5. WotW - white on white sledging is quite common. A few years back Graeme Smith mentioned it - http://www.smh.com.au/articles/2002/05/29/1022569795699.html. Also, in the last Ashes series, Collingwood was a favorite target.

    JW - agree that Gavaskar made an ill advised comment about David Hookes. He apologized a day or two later.

  6. Thanks for the link.

    This 'mental disintegration' thing is quite effective I must say. ( The 'texans' of this country also do practise a similar technique on the team sport arena. Now, don't ask me to qualify who they might be - JW might have guessed, he resides in their neighbourhood )

  7. nice blog

    Yes - Arrogance is defined differently for different people - but then "giving examples" can be interpreted differently by different people too !

    If your mom tells you "do not drive rashly ! dont u remember the fatal accident your neighbour got into ? " - you wont take offence to that - will you ?

    Then why is Gavaskar called "stupid" here ?

    My counter argument could be that - if arrogance is "interpreted" differently - then so can what gavaskar said be "interpreted differently"

  8. This obviously made news in Australia and in India.

    I remember glancing at the comments by readers on the news articles on rediff and on an australian news site (forget which one).

    Quite interestingly, most Australians commentors did agree that the Aussie team was arrogant (or atleast that Ponting had a thin skin) and that the Kiwis had just recently said similar things. I then looked up Rediff to see how Indian commentors reacted. I was in quite a hurry, so I remember they were swearing a lot. But I couldnt really make sense of whom they were swearing at.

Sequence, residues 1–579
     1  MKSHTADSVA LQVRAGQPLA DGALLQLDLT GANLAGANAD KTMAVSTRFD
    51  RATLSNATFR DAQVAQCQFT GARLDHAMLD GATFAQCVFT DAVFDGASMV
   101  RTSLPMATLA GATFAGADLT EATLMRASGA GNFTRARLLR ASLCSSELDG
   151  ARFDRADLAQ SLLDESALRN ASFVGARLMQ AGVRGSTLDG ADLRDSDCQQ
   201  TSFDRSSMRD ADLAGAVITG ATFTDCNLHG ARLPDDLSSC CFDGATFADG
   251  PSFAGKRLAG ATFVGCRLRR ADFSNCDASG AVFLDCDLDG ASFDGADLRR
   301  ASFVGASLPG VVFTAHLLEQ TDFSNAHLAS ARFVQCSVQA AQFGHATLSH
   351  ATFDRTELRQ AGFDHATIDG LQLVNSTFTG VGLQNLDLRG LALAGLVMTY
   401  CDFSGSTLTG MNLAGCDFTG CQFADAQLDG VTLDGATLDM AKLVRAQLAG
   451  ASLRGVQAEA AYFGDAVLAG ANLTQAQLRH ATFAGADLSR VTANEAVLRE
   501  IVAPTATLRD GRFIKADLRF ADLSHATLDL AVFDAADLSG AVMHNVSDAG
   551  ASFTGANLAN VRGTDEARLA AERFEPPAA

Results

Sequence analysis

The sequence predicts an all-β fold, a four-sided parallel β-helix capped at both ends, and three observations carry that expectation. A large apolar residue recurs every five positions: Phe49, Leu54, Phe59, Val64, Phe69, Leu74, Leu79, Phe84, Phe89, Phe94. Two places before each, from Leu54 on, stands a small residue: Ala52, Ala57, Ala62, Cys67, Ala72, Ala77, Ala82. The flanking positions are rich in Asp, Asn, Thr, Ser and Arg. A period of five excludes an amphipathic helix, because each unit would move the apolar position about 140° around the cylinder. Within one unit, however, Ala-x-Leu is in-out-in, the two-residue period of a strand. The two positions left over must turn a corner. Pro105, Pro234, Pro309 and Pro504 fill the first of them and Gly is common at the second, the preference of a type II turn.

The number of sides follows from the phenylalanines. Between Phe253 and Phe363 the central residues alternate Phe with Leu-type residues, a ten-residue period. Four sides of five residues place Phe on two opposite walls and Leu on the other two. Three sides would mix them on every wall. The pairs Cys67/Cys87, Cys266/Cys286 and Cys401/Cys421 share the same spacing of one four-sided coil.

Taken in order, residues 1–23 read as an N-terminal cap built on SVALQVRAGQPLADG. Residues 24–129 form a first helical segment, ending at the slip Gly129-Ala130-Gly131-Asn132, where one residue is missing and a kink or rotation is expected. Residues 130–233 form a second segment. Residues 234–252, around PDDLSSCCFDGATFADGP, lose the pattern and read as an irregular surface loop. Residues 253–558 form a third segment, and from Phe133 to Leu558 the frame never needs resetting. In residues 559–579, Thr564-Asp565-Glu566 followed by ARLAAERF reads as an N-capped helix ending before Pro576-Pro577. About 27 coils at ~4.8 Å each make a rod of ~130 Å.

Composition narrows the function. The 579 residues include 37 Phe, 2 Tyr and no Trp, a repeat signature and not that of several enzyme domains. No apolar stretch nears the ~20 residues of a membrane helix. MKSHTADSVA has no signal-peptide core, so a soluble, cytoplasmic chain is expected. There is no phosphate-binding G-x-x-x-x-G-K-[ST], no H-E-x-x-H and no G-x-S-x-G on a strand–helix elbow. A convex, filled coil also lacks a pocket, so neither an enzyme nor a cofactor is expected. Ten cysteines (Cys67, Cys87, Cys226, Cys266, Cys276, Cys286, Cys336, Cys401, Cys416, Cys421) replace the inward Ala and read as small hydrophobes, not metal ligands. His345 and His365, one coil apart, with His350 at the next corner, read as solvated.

Ah my two pennies on the issue.

    ps: 6 degrees of seperation. My supervisor used to play cricket with Mark Waugh while they were kids. ;)

  9. Neha - interesting point about reader comments in Indian news sites & papers like Express or Rediff. More often than not they are expletive-strewn, misspelt (my favorite is the one about our coach Mr. Chappall), grammatically wrong, regional name-calling & mostly incoherent. Compare that with the reader comments one reads in the British or Australian papers, or even Cricinfo.

  10. Suraj: Brilliant argument. This whole thing of different people interpreting different things in different ways is quite fascinating.

    Jai: Why no blogs?

    Neha: Your supervisor had a great childhood. Ask her/him if Mark was as stylish then as well.

    To all: gkasbaol!

  11. very nice blog,I do not mean to impute any overt racial intentions, but the mechanism seems to work anyways. visit me soon....

  12. Yea, I've always thought Waugh is an outstanding writer, and it is not just because he writes his own stuff, but because he actually analyzes the game. I remember when the Aussies toured India in '02. The Times of India ran columns written by Gilchrist, Gillespie et al, and the quality was mediocre because it was formulaic: they'd throw in some player nicknames and utter the same platitudes about focus and excitement about the impending match.

    I find that England's Andrew Strauss and Matthew Hoggard are the only other ones who write fairly entertainingly.